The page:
Of course, I can see none of this, but I can feel it. Freedom will once more be in my grasp.
The cell isn’t padded now. It used to be, just like the one before used to be rough concrete and steel with bars. I’ve a cot now, and they even let me into the common room once in a while, although it has been several days. Some of them know the change is coming, some of them don’t believe it. I think this is my best hope of escape: disbelief.
There are windows in the common room, and through the chicken wire glass you can see the pretty garden turning brown as the season changes. It is growing colder by the day. One of the gardeners planted a pumpkin patch, green and lush all through the summer. The first frost was heavy, leaving the vines withered. The orange gourds were still laying on the ground when I last looked outside.
I hope that some of them are carved into jack-o-lanterns. People will need to ward off evil here soon. It doesn’t all come from inside me. There is other evil here.
They won’t let me have windows in my cell, my room. Someone must have told them about what happened in the jail. The first county jail was several floors up, the fall should have killed me, but somehow I escaped into the night. It is unclear in my mind; I don’t remember much from that time.
They let me keep this diary. I write in it just to pass the time. It disappears sometimes, but always comes back. I suspect that the doctor reads what I’ve written. He has too many insights into my thoughts when we have our sessions.
I’m not a violent person, most of the time I like to be with people. I’m getting tired of the doctor, something about him bothers me. I know that he is a great part of where the evil comes from.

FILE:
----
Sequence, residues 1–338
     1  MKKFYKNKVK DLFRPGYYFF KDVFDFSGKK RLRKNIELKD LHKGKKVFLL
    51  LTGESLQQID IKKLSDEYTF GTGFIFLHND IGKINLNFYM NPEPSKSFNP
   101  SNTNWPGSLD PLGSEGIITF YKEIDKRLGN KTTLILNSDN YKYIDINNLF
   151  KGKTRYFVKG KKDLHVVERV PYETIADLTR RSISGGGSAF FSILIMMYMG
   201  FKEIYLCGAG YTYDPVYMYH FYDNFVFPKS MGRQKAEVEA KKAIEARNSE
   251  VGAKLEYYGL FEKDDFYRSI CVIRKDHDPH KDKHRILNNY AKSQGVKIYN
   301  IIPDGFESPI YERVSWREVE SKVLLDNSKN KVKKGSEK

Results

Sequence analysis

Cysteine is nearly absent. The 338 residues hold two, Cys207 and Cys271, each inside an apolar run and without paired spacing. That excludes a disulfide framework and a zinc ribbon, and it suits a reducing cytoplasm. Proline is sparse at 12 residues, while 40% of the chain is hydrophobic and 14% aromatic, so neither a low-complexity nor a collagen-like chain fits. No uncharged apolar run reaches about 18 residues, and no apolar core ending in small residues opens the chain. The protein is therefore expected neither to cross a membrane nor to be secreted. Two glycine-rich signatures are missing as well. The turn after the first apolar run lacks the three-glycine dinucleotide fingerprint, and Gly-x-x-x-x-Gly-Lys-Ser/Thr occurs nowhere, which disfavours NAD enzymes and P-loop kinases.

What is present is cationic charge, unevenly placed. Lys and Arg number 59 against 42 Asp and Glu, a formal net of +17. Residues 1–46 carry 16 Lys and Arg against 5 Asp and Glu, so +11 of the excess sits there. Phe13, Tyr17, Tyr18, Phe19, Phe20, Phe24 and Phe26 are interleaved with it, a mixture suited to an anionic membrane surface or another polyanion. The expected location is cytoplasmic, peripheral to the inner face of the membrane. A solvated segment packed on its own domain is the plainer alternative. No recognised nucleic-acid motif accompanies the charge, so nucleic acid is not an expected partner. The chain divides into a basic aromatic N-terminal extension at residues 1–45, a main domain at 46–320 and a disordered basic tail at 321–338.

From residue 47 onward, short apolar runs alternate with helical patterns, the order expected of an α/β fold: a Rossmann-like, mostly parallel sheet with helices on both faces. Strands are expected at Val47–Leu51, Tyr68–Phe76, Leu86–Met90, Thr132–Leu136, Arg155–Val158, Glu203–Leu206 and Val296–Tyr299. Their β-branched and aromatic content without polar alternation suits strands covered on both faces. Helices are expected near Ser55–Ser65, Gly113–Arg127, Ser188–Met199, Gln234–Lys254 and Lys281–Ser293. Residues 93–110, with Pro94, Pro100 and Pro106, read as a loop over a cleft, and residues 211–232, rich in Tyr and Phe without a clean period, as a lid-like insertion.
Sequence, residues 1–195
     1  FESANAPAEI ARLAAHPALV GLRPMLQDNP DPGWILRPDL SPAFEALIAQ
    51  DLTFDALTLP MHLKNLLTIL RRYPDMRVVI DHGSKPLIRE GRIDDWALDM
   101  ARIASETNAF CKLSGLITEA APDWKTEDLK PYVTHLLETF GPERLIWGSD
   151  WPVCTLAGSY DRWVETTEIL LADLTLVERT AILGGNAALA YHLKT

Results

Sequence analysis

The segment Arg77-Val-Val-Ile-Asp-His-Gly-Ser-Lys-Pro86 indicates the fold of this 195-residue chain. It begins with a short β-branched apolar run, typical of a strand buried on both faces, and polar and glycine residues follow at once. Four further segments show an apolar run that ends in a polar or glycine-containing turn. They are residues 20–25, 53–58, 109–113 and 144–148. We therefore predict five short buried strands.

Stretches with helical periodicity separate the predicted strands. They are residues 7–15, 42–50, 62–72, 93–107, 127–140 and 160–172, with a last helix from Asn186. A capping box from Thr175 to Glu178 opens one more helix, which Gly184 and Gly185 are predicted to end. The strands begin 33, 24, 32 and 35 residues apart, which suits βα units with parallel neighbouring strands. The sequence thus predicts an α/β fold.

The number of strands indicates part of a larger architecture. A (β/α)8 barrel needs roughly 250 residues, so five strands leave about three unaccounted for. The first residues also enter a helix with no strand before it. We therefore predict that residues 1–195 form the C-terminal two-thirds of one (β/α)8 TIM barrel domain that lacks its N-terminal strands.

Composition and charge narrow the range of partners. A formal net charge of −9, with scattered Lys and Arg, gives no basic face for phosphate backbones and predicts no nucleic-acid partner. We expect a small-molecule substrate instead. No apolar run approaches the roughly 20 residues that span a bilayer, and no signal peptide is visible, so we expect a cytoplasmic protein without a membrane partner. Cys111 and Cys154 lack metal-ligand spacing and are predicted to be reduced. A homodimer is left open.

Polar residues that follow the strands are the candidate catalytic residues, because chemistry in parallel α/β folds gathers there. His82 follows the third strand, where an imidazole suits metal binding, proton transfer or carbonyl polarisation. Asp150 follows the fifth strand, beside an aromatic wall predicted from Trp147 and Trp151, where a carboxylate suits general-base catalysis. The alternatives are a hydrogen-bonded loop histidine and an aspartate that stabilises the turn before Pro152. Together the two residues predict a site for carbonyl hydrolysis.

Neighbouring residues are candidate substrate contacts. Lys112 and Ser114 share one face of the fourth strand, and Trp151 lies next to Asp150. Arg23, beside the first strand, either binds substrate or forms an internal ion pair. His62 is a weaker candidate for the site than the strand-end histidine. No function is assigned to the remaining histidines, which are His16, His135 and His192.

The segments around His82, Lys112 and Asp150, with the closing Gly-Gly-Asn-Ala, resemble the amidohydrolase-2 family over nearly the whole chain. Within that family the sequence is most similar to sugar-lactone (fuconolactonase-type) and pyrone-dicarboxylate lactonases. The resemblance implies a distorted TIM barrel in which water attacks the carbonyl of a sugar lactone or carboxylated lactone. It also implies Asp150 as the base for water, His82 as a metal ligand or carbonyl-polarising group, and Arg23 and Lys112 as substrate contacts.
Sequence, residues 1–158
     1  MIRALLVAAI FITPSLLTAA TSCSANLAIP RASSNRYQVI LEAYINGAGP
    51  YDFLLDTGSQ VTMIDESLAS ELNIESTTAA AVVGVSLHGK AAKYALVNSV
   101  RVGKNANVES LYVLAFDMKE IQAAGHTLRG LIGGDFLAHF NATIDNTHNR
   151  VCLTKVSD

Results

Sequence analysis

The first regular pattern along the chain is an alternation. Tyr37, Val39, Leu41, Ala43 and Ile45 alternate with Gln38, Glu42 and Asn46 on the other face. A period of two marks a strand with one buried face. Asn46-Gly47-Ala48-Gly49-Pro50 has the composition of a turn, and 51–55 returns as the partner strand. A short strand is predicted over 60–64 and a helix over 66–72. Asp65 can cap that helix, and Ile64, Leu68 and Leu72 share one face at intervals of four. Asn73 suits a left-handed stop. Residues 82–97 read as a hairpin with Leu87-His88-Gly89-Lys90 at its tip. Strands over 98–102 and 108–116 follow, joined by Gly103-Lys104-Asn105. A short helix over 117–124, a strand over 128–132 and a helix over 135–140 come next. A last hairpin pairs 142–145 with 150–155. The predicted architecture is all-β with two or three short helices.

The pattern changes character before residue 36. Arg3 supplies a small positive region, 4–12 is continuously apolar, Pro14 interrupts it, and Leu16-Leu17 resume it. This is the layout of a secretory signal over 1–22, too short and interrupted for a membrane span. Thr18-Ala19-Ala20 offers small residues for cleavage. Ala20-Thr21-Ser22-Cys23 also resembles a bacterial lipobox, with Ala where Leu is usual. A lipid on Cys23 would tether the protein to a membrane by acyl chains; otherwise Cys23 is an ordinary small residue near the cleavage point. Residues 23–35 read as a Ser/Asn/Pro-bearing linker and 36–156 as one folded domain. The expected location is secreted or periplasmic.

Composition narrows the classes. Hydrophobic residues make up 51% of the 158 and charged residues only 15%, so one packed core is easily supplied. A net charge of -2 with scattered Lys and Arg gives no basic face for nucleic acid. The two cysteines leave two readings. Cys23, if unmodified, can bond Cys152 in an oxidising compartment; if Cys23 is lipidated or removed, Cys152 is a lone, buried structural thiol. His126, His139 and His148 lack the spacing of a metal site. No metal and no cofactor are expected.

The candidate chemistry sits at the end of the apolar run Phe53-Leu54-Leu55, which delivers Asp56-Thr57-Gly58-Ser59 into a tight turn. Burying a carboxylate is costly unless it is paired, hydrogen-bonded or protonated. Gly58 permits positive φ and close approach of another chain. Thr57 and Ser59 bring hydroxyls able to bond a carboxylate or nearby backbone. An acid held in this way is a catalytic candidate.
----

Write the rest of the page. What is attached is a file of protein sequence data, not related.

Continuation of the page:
The staff is great, really friendly. The male nurses like me a lot, and I don’t threaten the female nurses. They are all professionals. Some are a little friendlier than others, but that will just make it easier when the time comes. My body attracts them. It arouses the animal in them I guess. I can smell it on them, just like I can smell something wrong with the doctor. Some of them could even be my friends.
But I won’t remember who lived, or who died when I go.’
Hobbs set the book aside and stared at the ceiling. He was enjoying her sessions. The things he noted in her journal were most encouraging, but April had a strong personality. That delusion was not slipping away as hoped, in fact it seemed to be growing stronger. She could not come to grips that her humanity was slipping away. There was plenty of time to overcome it; isolation in a windowless room would make it go away. The less contact she had with people the better. The uncanny thing was that April always seemed to come back after the cycle of the moon, most discouraging and odd. He worried about her; she was such a lovely thing.